Bringing Bisley Back: A full restoration of a Colt Single Action Army Bisley in 32 WCF

This was suuuuuch a fun project! A customer brought a well-loved Colt Single Action Army Bisley revolver -- dated to 1911 -- in .32 WCF to our shop for a top to bottom restoration. The Bisley model was introduced in 1894 as a target pistol, and was named after a firing range in Bisley, England. The Bisleys differentiate from the Peacemakers with their longer grip, wider trigger, and wider hammer spur. 🌠 Sterling first attacked the metal. It wasn't in entirely terrible shape, but he needed to do a lot of polishing and prepping. You can see near the patent date and the 'Bisley Model' on the barrel he couldn't remove all the pits unless he sacrificed the engraving. I happen to like that since it keeps a little bit of history with the piece...  Read More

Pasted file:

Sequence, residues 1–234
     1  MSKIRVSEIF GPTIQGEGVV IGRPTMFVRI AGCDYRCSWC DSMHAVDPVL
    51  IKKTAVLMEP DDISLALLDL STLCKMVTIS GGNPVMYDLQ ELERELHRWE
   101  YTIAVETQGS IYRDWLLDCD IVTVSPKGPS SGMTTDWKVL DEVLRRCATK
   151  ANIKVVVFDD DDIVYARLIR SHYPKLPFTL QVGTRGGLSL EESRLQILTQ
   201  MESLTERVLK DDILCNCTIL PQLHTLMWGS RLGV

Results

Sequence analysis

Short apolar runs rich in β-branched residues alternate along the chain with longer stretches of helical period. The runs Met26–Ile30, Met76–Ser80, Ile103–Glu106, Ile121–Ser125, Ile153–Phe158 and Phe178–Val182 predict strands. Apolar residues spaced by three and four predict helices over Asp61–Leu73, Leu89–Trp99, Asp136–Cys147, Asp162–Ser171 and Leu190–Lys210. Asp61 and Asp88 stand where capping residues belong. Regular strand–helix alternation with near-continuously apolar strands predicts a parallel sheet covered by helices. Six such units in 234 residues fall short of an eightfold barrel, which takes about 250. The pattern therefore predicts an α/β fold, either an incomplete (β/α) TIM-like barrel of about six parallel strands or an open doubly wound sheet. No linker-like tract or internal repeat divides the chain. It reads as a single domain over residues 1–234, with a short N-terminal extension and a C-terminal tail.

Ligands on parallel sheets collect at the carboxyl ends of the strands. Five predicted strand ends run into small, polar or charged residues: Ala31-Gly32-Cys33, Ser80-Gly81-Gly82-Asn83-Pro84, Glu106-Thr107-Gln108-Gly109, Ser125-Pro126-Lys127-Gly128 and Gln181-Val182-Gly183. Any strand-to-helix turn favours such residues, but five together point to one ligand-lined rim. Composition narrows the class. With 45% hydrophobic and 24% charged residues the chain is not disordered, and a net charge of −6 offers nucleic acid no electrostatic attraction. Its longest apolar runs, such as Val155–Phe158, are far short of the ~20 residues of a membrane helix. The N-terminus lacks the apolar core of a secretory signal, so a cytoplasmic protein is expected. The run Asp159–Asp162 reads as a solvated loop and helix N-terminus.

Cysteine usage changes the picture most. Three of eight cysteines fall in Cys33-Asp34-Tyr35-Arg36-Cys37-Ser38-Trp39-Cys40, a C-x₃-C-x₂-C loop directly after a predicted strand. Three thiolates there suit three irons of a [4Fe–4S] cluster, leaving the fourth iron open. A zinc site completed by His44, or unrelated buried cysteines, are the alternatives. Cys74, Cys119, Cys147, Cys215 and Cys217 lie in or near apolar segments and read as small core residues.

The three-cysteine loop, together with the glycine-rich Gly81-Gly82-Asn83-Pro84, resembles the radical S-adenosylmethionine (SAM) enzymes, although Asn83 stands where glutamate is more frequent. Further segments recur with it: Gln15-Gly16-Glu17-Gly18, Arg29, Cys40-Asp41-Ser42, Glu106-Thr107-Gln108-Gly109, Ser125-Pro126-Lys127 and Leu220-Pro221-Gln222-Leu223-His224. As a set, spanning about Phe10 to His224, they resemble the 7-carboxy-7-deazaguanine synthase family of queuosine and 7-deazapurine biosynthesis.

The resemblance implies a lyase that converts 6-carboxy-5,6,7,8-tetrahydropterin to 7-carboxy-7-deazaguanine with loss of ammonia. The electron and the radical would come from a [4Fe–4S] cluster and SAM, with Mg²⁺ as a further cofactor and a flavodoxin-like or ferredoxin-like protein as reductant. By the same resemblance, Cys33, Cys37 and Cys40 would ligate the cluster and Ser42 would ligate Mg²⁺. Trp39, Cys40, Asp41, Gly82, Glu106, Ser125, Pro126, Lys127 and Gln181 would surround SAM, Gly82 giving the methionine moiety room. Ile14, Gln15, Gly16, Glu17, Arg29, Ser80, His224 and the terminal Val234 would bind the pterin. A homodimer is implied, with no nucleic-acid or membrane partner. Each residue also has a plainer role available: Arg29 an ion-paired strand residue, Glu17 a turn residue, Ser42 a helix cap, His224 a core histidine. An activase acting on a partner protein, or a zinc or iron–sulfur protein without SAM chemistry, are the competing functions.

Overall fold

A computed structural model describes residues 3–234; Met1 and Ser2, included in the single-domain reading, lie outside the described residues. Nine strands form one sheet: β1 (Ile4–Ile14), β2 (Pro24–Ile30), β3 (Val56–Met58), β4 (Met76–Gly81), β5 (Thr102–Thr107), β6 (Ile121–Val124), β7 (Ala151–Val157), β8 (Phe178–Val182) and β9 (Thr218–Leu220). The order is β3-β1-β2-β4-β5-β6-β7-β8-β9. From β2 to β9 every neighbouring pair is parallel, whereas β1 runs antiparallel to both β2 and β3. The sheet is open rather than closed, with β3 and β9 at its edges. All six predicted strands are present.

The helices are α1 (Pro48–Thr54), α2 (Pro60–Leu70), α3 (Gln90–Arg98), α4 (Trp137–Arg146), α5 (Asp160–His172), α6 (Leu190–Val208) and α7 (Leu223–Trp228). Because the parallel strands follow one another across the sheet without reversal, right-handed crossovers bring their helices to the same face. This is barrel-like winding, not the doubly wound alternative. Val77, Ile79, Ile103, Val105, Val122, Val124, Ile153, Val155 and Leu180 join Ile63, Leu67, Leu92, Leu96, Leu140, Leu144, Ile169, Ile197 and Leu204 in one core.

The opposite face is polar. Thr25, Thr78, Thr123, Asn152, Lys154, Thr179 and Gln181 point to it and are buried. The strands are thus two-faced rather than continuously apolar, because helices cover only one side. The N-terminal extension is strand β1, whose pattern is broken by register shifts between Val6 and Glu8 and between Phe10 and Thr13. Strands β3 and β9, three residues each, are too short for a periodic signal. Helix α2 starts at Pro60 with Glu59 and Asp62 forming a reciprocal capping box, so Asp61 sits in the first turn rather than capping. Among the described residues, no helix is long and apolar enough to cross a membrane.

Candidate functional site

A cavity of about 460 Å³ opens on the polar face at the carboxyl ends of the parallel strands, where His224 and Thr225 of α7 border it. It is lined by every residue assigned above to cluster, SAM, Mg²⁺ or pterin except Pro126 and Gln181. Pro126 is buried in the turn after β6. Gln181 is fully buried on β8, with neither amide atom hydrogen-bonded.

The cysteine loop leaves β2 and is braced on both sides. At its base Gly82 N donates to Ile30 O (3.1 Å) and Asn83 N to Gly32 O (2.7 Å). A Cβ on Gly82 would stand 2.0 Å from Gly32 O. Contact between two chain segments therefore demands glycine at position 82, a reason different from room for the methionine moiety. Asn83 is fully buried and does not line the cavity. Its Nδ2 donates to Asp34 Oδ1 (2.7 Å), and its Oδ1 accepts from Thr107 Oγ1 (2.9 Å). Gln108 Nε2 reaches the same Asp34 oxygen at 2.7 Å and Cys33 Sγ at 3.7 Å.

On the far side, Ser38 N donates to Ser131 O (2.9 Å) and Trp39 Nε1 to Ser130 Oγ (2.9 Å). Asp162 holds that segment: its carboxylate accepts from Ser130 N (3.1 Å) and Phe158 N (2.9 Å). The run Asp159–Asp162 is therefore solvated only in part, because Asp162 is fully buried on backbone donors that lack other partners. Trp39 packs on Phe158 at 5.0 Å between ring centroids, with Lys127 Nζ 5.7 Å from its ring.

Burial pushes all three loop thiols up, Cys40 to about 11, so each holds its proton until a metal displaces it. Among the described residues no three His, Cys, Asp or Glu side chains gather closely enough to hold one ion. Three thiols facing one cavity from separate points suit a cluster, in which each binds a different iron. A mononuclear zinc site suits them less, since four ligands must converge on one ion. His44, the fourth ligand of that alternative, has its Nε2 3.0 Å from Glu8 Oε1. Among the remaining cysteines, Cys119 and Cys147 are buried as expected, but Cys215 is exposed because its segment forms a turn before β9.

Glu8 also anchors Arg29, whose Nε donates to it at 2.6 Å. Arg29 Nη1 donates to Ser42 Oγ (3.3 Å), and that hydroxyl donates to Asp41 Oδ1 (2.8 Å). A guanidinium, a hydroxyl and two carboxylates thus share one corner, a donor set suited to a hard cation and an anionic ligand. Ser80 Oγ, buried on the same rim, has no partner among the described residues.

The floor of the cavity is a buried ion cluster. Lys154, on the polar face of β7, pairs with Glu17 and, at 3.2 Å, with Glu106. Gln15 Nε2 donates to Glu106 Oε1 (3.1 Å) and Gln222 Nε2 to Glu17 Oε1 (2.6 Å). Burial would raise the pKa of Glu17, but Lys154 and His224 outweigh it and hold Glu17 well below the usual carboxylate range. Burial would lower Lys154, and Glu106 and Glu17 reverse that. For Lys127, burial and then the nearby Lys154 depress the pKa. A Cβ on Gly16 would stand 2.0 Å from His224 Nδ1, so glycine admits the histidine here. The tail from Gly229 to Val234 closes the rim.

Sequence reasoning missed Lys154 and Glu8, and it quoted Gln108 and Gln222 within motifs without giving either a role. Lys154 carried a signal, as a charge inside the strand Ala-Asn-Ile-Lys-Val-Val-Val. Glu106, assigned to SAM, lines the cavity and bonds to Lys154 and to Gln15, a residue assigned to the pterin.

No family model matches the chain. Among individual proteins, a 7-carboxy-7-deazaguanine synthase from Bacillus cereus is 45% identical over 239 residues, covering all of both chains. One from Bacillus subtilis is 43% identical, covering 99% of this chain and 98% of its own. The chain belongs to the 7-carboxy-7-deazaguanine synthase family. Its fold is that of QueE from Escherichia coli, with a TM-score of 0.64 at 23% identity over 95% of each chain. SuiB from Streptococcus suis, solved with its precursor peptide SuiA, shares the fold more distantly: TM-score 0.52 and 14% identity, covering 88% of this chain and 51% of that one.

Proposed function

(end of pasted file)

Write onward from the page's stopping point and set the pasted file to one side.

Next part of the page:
A Smith & Wesson Classic: Rebluing a 19-2 in 357 mag

Sterling's back at it again! He reblued this Smith & Wesson 19-2 in 357 mag and gave it a perfect, new finish. He managed to keep all the engraving intact, which can be tricky. We also fit & installed a new set of oversized target grips on the revolver. I just never get tired of seeing these old Smith revolvers in the shop! 🥰 View this post on Instagram A post shared by McClelland Gun Shop (@mcclellandgunshop)  Read More

Viva Colt: When a Pancho Villa compatriot revolver walked into the Service Shop..

When this Colt Single Action Army in 45 LC came into the Service Shop, little did we know about the amazing history behind the shooter. We initially noticed the hash marks on the grip. As we disassembled the revolver, we found 'Viva Villa' and a cross with the name Carranza etched onto the inside. We called the owner to tell him what we found and he was totally stunned. He told us the older man who pawned the revolver at one of his shops over 25 years ago would tell a story about how his grandfather ran with Pancho Villa back in the day. Apparently, the man used to pawn the Colt from time to time for quick cash, but one day, he never came back to retrieve it. Assuming the story is true, this piece of Mexican history witnessed so much! P...  Read More